Why Mobile Over-the-Top Video Will Thrive

Looking for growth in the U.S. telecom sector? The market for mobile video infrastructure will experience very rapid growth rates in the near future -- in spite of the economy, according to the latest market study by In-Stat. There are many ways to deliver video content to mobile devices -- some of these require mobile video-specific infrastructure, such as broadcast out-of-band video services and cellular in-band video services. Others, like Internet access and digital terrestrial broadcast TV, utilize infrastructure in place for other video services. "In spite of the present economic turmoil, consumer interest in mobile video is growing, and service providers must build infrastructure to be in position when consumer demand recovers. Europe is the largest region for transmission revenue due to the number of countries that have launched, or plan to launch, mobile-specific out-of-band broadcast networks," says Gerry Kaufhold, In-Stat analyst. "Mobile video headends wil

Managed Network Service Provider Update

Demand for managed network service (MNS) providers is growing fast as enterprises of all sizes grapple with increasing network traffic and complexity. At the same time, enterprises are seeing their services budgets shrink. This has created an intensely competitive landscape among global MNS providers, and even the industry's bellwether providers face new and significant competitive threats. In a new report, independent market analyst firm Datamonitor ranks 13 of the world's leading MNS providers based on their network services, end-user sentiment and market impact. The global MNS market is extremely competitive, particularly among the large telecommunications providers and conglomerate systems integrators that dominate it -- AT&T, BT Global Services, HP Services and IBM Global Technology Services. Yet new threats are emerging in the form of smaller, more agile rivals, such as CSC, Orange Business Services, Verizon Business and Vanco, despite the latter's recent fin

Global Carriers to Invest $142B in Networks

When service revenues dip due to reduced end-user confidence, a standard tactic is to cut back on capital expenditure, which boosts operating margins and thereby profits. This tactic was used in the dot.com bust and the 3G network anticlimax earlier in this decade. Adjusting, sometimes even drastically, capital expenditure plans can demonstrate to investors appropriate financial housekeeping practices. Network operators can also resort to a number of alternative strategies to make their capex dollars go further. "Subscriber growth may be flattening and carriers are facing tougher credit conditions from financial institutions, but the need to upgrade infrastructure and install new equipment will not go away," comments ABI Research vice president Jake Saunders. Competitive pressures are putting the thumbscrews on carriers to introduce innovative applications and services such as music downloading, mobile TV, and social networking. Furthermore the amount of traffic generated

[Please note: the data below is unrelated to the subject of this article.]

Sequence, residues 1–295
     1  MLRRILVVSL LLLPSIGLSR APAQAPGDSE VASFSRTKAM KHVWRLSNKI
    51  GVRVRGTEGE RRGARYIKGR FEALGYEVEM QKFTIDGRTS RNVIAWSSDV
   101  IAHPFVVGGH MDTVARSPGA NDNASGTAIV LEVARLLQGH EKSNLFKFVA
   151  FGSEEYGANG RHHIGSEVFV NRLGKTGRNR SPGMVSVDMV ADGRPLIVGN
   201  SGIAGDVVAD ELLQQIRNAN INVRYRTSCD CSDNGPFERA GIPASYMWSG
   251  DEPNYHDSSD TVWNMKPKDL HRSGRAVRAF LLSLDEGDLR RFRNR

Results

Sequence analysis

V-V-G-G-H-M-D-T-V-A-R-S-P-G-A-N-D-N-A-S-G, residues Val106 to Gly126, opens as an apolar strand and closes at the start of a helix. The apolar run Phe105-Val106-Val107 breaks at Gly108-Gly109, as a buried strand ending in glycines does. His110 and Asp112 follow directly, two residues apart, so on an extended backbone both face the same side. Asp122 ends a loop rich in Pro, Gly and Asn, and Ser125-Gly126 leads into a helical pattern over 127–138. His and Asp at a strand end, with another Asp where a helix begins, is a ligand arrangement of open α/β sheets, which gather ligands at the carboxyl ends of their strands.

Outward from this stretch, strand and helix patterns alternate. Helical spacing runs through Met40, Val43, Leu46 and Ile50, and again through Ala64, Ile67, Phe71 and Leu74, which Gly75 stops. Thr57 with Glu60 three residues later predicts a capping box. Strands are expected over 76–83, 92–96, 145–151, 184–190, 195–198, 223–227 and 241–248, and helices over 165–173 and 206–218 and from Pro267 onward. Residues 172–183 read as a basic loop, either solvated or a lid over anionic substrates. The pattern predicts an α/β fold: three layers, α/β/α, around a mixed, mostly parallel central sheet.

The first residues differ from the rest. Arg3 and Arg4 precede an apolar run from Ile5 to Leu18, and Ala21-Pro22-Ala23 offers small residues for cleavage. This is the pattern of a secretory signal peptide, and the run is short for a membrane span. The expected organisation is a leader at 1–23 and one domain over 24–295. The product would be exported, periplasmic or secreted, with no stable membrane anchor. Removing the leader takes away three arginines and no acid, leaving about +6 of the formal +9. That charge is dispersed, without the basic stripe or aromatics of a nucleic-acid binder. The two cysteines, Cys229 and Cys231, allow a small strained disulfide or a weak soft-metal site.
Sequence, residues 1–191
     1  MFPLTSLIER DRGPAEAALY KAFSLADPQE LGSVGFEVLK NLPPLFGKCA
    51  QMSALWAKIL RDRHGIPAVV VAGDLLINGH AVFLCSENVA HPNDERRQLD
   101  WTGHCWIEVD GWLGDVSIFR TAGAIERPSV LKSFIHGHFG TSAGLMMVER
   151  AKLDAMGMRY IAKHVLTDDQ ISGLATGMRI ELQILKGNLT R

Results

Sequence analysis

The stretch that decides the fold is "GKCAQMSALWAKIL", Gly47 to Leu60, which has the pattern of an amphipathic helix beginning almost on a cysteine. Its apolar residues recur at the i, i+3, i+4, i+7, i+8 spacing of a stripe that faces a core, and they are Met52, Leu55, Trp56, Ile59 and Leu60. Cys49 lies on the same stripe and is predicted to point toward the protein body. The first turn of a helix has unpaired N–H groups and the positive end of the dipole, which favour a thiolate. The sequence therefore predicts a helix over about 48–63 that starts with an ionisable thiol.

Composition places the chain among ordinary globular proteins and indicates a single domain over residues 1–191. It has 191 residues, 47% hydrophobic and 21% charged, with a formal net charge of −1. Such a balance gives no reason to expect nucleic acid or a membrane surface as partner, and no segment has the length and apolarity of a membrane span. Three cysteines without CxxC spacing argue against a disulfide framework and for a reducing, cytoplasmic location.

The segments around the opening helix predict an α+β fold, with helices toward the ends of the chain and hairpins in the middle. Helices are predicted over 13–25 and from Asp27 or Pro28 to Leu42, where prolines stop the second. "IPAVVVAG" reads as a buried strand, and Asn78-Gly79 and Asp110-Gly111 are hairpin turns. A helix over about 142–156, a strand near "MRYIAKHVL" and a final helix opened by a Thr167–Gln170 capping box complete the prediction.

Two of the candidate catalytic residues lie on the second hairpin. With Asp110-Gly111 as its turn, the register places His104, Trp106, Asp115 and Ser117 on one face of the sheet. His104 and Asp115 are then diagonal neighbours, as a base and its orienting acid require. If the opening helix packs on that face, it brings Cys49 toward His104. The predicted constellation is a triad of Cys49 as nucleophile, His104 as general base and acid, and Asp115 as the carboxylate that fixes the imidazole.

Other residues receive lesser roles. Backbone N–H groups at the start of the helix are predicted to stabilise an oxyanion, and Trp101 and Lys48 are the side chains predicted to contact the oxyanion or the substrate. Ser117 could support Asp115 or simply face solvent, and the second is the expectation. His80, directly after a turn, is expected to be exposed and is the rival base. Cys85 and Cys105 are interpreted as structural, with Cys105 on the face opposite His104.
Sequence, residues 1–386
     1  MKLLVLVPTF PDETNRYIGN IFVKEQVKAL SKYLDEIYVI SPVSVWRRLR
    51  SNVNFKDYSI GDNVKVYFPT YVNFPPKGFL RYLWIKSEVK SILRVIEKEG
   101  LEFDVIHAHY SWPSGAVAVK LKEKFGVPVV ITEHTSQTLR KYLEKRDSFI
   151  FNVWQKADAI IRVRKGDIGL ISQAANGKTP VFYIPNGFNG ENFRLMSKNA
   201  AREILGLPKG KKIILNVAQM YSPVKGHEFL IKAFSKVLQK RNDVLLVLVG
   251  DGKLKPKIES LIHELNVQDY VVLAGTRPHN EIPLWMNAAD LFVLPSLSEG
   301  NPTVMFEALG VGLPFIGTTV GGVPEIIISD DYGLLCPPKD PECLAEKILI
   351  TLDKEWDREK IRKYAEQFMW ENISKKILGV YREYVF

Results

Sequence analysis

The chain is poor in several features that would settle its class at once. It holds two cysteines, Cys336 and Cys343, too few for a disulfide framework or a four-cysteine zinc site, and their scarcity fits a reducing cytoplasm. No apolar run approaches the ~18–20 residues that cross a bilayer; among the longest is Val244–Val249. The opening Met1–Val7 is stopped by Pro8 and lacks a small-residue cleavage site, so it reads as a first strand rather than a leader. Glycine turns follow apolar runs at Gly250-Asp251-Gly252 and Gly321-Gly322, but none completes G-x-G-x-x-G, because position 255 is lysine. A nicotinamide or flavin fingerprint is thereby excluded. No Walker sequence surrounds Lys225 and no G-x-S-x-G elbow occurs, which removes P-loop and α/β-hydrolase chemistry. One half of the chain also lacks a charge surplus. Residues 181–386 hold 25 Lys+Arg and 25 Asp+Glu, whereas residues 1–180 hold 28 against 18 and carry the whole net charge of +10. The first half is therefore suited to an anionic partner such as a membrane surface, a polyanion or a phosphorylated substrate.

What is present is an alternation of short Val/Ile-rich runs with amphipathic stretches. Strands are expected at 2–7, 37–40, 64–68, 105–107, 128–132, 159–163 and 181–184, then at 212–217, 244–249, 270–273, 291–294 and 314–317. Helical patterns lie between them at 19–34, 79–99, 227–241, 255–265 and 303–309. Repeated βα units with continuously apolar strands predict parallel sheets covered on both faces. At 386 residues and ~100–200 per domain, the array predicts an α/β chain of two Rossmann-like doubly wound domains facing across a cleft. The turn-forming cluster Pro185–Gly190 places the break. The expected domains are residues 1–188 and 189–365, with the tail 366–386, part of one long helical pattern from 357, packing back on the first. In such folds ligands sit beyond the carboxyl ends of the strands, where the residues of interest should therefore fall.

Virtual World Revenue may Actually be Real

As blogging, and the ability to comment online, are in essence popularizing and decentralizing the traditional news industry, so too are virtual worlds changing the gaming, meeting, and 3D graphic design industries, according to the latest market study by In-Stat. Virtual worlds -- especially the 3D kinds -- are classified under the Web 3.0 category because of their profound ability to integrate multiple types of content, information sources, and feeds into one highly engaging and interactive format. Virtual worlds are online, computer-generated simulations of life-like or fantasy environments where users guide their avatar, or digital representation of their physical selves, to accomplish various goals. "Evidence supports the conclusion that the application that is critical to virtual worlds -- and, by extension, to Web 3.0 -- is, in fact, already here and it is none other than social networking," says Vahid Dejwakh, In-Stat analyst. The In-Stat research covers the world

Will Consumer Electronics Avoid a Downturn?

A new market study by Futuresource looked at the impacts of recession on the consumer electronics industry and delves into the core drivers behind continued consumer uptake, providing forecasts across the key industry segments. Rather than going on vacation or dining out by candlelight, consumers see the purchase of hot new electronics items like Blu-ray players, flat panel TVs or smart phones as a far better value-for-money option. The tangible benefits of these products can be enjoyed for a long time to come and are seen by many as essential items once consumers begin the retreat into their living rooms. Futuresource research from the economic slump of 2001 reveals digital cameras and DVD players continued to grow sharply when the economy stagnated, giving a clear indication that home entertainment can ride the storm. Stretching the timeline backwards further, during the economic downturn of the early 1980s, sales of VCRs in the UK rocketed, growing by 440 percent between 1980 an